The necessary counterpart to any tale of modern missionary zeal, The Mosquito Coast tracks the manic collapse of a man struggling with some of Peter Weir's favorite themes: the conflict of faith, personal loss, and the little worlds we often create for ourselves as a way to avoid either of these. The film is spiritually significant as it is a cautionary tale against a very specific notion of independence, of seeing the world as a place that can be fixed with hard work and ingenuity. The clash of its main character with a local missionary becomes a brief, but effective, parable for contrasting visions of humanitarian interests in third world contexts. And the end of the film, unforgettable in its reversal of Heart of Darkness references, is a vivid microcosm for much of Weir's work.
: FWIW, in cases where there are disputes, the IMDb USA release date will prevail. In the two cases above, CoM and IGS, IMDb's USA release dates render them ineligible. If IMDb is incorrect, you can submit a correction using their system.
So ... given a choice between what you know to be right and what the IMDb gets wrong ... you'll go with what's wrong?
In any case, the IMDb happens to be correct about Children of Men -- it's right there:"USA 25 December 2006 (limited)".
So my previous question stands: Are we disqualifying "limited" releases in favour of "wide" releases? If so, then on what basis do we accept any film that has never had anything BUT a "limited" release?
Incidentally, while Children of Men IS eligible by the current rules, Amazing Grace is NOT (because, like Into Great Silence, it played only festivals in 2006, before going into release in 2007).
Edited 10 Mar 2008 by Peter T Chattaway
Posted 11 Mar 2008
Arts and Faith: http://artsandfaith.com/index.php?showtopi...=Hayao+Miyazaki
The beauty of childhood is captured perfectly in Hayao Miyazaki's viscerally inticing masterpiece. Chihiro is the epitamy of childhood: naive, self-centred but ultimately, innocent and kind. Miyazaki's film is a testament to the imagination of children and the innocence of youth. This generation's Alice in Wonderland, Spirited Away grabs you with its loveable characters, awe-inspiring hand-drawn visuals and wonderful story. This is a film that ignites the child within every person and is arguably the greatest animated film of the new millenium. Spirited Away is a window into the mind of a child, and the beautiful ideas that lay dormant within.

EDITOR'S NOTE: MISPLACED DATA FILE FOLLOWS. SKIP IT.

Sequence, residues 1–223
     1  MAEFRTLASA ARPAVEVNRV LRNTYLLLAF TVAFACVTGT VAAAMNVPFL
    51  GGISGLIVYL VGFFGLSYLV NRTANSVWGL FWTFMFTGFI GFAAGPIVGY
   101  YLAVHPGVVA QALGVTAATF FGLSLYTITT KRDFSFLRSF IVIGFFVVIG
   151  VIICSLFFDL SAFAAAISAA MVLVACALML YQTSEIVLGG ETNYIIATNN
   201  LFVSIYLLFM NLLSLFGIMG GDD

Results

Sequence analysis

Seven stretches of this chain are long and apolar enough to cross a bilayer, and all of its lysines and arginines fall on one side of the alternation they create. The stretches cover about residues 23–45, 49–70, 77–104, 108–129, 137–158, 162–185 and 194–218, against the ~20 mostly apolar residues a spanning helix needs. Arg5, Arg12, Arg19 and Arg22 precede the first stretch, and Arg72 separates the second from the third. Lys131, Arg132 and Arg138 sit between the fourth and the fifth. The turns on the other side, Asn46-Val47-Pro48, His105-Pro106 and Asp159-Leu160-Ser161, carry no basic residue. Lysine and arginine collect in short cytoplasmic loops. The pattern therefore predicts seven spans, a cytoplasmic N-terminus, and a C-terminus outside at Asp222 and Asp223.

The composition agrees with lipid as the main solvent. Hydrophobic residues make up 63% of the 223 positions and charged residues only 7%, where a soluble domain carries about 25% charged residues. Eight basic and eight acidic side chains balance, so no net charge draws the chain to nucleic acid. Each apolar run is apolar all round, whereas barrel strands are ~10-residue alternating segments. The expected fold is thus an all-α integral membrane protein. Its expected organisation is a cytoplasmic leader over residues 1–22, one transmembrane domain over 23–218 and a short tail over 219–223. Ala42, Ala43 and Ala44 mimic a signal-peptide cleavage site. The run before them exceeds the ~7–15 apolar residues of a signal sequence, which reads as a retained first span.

Amazon (DVD): http://www.amazon.com/Spirited-Away-Hayao-...3390&sr=1-1
Edited 11 Mar 2008 by Aren Bergstrom
Yes, I'll go with what's wrong, Peter, just to float your boat. Thanks for correcting me on CoM; it's in. There are two USA release dates, which is frustrating! Limited releases do count; I had only seen the 2007 date. And Amazing Grace is out. (I'll make the database updates later tonight.) Let me be clear(er): Any film with a USA release date of 2006 or earlier is eligible. Releases can be wide or limited, direct-to-video, or broadcast.
Thanks for correcting me on CoM; it's in. There are two USA release dates, which is frustrating! Limited releases do count; I had only seen the 2007 date. And Amazing Grace is out. (I'll make the database updates later tonight.)
Let me be clear(er): Any film with a USA release date of 2006 or earlier is eligible. Releases can be wide or limited, direct-to-video, or broadcast.
Edited 11 Mar 2008 by Darrel Manson